Peugeot 3008: French connection
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There’s a good reason the Peugeot 3008 was named European car of the year 2017 — making it the first SUV in the 53-year history of the award to get the title.
There’s also a good reason you may not have realised this award-winning SUV has landed in New Zealand from France.
The 3008 (pronounced three-thousand-and-eight) took the European car of the year title ahead of the status vehicles of Alfa Romeo’s Giulia and the Mercedes-Benz E-Class.
Here, the 3008 will compete against the Toyota RAV4, Mazda CX-5 and the new-look, more masculine, Volkswagen Tiguan.
In May, long-term operator Sime Darby decided to sell its distribution rights to PSA brands — Peugeot, Citroen and DS — and Rick Armstrong’s company Auto Distributors NZ took over the French brands in June.
Under CEO Chris Brown, the new company is re-introducing the French brands to Kiwis, and the 2018 Peugeot 3008 compact crossover is a great place to start.
Pricing starts at $39,990 for the Active, which is powered by a 1.6-litre, 121kW/240Nm petrol engine. The 1.6-litre petrol Allure is $44,990 or $46,990 for the 1.6-litre, 99kW/240Nm diesel. The top model is the $54,990 GT, which is powered by a 2-litre, 113kW/400Nm diesel.
All models are paired with a six-speed automatic transmission and are front-wheel-drive. The 3008 is not only a stunning looking vehicle but has a five-star Ancap safety rating due to lane-departure warning, blind-spot detection, and emergency braking.
Add $1750 and you get the safety package that includes adaptive cruise control, front-collisions warning, advanced emergency braking and 360-degree camera.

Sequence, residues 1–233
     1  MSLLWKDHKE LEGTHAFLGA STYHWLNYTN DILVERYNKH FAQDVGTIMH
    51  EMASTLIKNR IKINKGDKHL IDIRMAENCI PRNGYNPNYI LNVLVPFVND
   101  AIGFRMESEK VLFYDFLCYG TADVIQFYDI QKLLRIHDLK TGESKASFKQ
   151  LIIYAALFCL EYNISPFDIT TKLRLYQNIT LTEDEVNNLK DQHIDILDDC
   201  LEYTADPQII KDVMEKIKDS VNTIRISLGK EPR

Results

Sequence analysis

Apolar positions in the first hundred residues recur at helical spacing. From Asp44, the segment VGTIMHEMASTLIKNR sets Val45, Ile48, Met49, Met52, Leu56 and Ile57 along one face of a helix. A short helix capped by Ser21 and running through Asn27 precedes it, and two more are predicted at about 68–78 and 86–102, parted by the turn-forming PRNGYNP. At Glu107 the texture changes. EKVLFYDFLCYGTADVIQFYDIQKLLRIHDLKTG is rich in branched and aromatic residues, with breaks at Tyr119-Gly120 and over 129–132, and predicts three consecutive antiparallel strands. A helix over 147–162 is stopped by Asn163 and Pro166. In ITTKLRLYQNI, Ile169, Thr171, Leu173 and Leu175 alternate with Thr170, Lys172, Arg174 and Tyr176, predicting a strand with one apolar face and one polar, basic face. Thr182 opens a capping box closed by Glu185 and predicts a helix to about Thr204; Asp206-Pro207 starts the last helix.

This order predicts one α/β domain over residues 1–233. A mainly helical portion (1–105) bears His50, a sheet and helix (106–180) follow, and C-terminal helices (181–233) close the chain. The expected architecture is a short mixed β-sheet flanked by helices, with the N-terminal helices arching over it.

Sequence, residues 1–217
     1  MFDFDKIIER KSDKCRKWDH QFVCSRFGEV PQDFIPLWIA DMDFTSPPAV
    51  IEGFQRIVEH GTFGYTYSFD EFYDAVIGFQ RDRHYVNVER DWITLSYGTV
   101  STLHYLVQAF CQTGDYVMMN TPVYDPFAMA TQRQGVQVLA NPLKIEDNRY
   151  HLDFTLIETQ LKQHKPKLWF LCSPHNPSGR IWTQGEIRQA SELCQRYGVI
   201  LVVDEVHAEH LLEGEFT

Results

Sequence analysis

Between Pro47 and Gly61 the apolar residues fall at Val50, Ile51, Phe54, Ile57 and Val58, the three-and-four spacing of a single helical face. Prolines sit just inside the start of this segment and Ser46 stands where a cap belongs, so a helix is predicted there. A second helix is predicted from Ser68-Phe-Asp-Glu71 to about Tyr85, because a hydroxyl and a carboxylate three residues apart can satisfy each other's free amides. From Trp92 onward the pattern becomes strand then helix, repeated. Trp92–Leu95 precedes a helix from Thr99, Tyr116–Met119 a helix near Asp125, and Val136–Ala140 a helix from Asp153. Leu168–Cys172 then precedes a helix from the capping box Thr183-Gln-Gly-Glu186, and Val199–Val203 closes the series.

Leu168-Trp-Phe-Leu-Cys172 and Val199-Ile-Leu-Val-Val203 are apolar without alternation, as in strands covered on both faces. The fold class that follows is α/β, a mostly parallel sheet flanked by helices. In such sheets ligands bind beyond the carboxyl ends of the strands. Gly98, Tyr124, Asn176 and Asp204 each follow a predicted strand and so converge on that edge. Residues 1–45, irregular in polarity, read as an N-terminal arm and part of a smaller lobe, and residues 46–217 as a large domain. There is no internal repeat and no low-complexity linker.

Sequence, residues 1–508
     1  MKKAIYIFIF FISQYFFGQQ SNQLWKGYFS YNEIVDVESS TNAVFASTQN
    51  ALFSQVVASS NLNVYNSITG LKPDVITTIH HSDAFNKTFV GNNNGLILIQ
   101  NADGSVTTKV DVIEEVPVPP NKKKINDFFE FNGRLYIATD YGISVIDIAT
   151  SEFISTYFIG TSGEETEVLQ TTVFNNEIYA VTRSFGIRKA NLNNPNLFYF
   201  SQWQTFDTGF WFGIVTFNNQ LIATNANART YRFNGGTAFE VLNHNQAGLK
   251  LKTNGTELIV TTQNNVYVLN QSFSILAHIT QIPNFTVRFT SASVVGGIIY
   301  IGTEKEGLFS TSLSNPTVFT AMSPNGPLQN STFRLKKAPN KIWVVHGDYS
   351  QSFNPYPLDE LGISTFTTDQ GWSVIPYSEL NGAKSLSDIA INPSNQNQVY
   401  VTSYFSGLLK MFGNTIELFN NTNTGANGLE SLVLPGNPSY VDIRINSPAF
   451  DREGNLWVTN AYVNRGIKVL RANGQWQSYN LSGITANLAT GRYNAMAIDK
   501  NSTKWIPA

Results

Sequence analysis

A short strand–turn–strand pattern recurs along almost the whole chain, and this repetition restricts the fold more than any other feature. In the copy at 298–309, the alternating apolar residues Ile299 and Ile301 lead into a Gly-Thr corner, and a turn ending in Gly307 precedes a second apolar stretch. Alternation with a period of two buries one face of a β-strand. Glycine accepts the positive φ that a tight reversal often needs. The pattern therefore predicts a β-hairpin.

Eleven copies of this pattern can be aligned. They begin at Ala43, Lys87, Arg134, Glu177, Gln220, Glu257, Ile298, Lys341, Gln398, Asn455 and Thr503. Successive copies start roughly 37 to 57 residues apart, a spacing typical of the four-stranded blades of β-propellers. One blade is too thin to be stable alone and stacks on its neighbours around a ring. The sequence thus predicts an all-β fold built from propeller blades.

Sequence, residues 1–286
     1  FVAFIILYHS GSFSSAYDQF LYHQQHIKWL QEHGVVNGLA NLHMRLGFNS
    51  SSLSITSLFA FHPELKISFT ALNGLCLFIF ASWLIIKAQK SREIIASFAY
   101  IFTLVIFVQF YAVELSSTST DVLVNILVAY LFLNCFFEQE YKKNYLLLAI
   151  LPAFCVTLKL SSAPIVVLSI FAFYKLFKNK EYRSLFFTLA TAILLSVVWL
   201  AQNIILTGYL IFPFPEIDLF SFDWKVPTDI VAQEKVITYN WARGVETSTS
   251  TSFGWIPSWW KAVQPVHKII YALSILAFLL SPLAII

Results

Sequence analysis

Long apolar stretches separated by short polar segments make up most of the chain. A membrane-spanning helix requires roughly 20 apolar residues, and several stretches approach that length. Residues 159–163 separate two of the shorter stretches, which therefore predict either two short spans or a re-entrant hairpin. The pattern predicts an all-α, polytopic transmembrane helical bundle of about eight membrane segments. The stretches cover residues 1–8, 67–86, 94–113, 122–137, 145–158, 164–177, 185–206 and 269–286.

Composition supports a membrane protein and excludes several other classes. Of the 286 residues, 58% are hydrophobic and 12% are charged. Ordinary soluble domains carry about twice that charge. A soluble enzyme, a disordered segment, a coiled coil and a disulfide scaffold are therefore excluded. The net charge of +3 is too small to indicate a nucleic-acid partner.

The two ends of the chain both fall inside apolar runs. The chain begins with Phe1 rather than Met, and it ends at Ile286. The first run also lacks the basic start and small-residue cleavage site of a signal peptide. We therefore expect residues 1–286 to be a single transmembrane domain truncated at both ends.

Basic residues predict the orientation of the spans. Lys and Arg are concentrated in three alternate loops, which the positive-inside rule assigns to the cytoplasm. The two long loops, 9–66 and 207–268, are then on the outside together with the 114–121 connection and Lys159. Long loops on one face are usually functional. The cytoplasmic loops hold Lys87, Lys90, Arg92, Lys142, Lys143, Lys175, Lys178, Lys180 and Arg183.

Grip control is standard in the Allure models that include traction control in sand, snow and mud plus hill-decent control. If I had the GT, I’d add $500 to my bill for this option as this model would be ideal if you used it for towing.
The 3008 has evolved design-wise from looking like a jacked-up hatchback to a crossover that looks avant garde, and that’s thanks to the waterfall front grille and three-claw red rear daytime running lights.
The protruding bonnet with larger lion badge gives it a strong presence and the aspects of a much larger SUV, and the front daytime running lights resemble eyebrows but also extend the visual length.
It’s 80mm longer than the previous 3008 plus more head- and legroom and a larger boot space of 520 litres or 1580 litres when the seat are folded.
Inside, the 3008 is all class with lots of controls around the driver’s seat plus the inclusion of toggle switches and extensive use of aluminium.
The 3008 gets iCockpit, which includes a 12.3in instrument screen plus 8in infotainment touchscreen. It also has 3D satnav and Apple carplay.
Driven tested the Allure model and we were impressed with the overall package; from inside and outside appearance to performance.
Although the five-seater has the visual appearance of being a larger SUV than it is, due to the bonnet, it has a ride height of 1642mm and is 4447mm long and 1841mm wide. This means it has more stability on the road and corners with confidence.
In the city, the 3008’s turning circle made it easy to slot into car park spaces. On the motorway, the 1.6-litre petrol engine had more than enough torque but I’m also looking forward to testing the GT soon and see what 400Nm of torque can provide.
Unfortunately the new distributor hasn’t had enough time to get the 3008 around NZ Writers’ Guild members for it to be eligible for Car of the Year — it would have been a contender.